On This Date In History: In the Algonquian language, it was known as Manahatin which meant “Hill Island.” Manahatin or “Mannahatta” was a rich land teeming with wildlife and game like beaver, deer, bison and bear. The river had sturgeon and oyster beds were common on its shores. The northern 2/3 part of the island was occupied by an Indian tribe called the Weckquasgeeks which were a subdivision of the Wappinger Indians. The smaller remaining southern portion was where the Canarsees or Canarsie called home.
On May 4, 1626 the director-general of a new Dutch colony arrived on the shores of the island with instructions from home that, if the land was occupied by Indians, they were not to be forced off. Instead, they be persuaded by giving them something or with kind words. Well, the folks that occupied the island never claimed to own the land as they didn’t have the sense of ownership in their culture like the Europeans. And if they did, the Canarsees would have less claim than the Weckquasgeeks. Well, the Dutch didn’t know all of this and, on this date in 1626, gave the Canarsees what amounted to 24 American dollars in exchange for an island they didn’t own.
It must be noted that there are several sources that put the purchase on a different date in May and at least one that claims it was in November. Still, another source claims there is no proof that the purchase ever took place, Nevertheless, assuming the veracity of the story, I’ve always figured that the Canarsee chief must have been like Frank Pentangeli (Michael V Gazzo) in The Godfather Part II when he says “the FBI guys, they offered me a deal and I said, sure…why not?”
So, the Canarasees took the money and the Dutch thought they had a good deal. But, of course, the Dutch certainly didn’t hold on to the Island long enough to see the Hudson River polluted so that there are no more sturgeon and no more oysters. They never saw the hills flattened and the rich soil covered in concrete nor the disappearance of the bison, deer, beaver and bear. Nope…the Dutch paid $24 for an Island to people who didn’t even own it and then didn’t stick around to see it become all that it would become.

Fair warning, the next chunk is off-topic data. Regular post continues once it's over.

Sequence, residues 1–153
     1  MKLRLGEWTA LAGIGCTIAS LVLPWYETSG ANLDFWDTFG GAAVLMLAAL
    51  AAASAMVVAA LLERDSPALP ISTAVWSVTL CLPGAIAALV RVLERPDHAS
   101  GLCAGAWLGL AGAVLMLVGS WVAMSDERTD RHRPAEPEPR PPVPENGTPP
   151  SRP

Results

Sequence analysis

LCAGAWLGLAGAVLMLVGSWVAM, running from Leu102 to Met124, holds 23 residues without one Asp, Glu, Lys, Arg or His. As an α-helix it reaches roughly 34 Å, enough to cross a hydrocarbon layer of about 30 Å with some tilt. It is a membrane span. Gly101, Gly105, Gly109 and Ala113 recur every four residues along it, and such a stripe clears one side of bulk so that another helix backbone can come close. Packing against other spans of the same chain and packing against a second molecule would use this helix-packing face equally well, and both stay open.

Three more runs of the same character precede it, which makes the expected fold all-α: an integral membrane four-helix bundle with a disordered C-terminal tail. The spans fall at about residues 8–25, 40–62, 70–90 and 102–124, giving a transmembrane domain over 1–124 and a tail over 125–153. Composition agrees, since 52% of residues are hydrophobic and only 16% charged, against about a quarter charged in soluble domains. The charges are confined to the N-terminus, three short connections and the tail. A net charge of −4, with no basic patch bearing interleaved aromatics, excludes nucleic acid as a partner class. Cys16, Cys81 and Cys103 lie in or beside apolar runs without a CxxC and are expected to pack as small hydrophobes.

Meanwhile, the Indians…if they had taken that $24 and invested it at 6% interest compounded annually they’d be sitting on $35 Billion by 1988. If they continued that return on investment, it would be nearly $70 Billion by 2000. Now, if they had been really smart, then they would have put that $35 Billion (or perhaps a bit less) in 1986 at the initial public offering in a then-new company called Microsoft. If they had sold it at its peak just prior to 2000, they would have nearly $21.4 Trillion. Then, if they had invested it at 6% interest compounded annually for four years they would have just over $27 Trillion. If they took that money and invested it in 2004 in Google and then sold it at its peak in 2008, then they could have lived quite nicely on $189 Trillion. That is more than 14 times the entire US economy…I’m not sure if the government could tax that money since Indian Nations are considered to be sovereign nations, which is why they are allowed to have Casinos in states where they are otherwise prohibitited. Not bad for some guys from Brooklyn.
Weather Bottom Line: This little front that came through made for a nice Thursday. Snow White and I rode around with the top down and then walked along the river which was high but below flood stage. When we were there it was about 21.4 feet and the flood stage is 23 feet. The boys at the NWS seem to think that its about crested. I’ve found that hydrology regarding river forecasting is not quite to the level that we’d like it to be because there are so many variables. It may not be perfect but they have improved quite a bit, perhaps as good as it’s going to get. In any event, they are usually not way off the mark so if they say it’s crested and it hasn’t it probably doesn’t have much more to go. Now, it may not fall off real fast because there will be a fair amount of rain falling in the watershed to our North and that will make its way downstream and that will slow the descent; but fall it will. It always does, eventually.
This little front not only brought us good weather but dried out the atmosphere. On the “against” side of the severe threat for our area, I think that moisture will be limited and also the main source of energy will be to our North. On the “for” side, after a brief cooldown, we’ll be pushing into the mid to upper 80’s on Friday afternoon and the temperature contrast between the warm and cool air will be pretty significant. Typically when you get a temperature gradient such that your highs from one day to the next fall some 20-25 degrees, then the strong storm threat is enhanced. But..there’s the moisture factor. Both the GFS and NAM advertise tremendous dynamics BUT….they come well before precipitation. The timing of this for our area just doesn’t look quite right. At this point, the data suggests rain chances go up for late Friday night….like around midnight. So, the heating aspect gets lost a bit. And, by the time that comes around the strong dynamics are gone. In fact, the rain data is not very impressive either. Let’s put this in a possible but not probable category. There may be an isolated strong storm still around with the biggest threats for the extreme northern part of the region. I would think that Cincinnati and Columbus would have more to worry about than we do. Keep in mind that we’ll have a nice weekend but highs for the Mother’s Day weekend will be in the 60’s.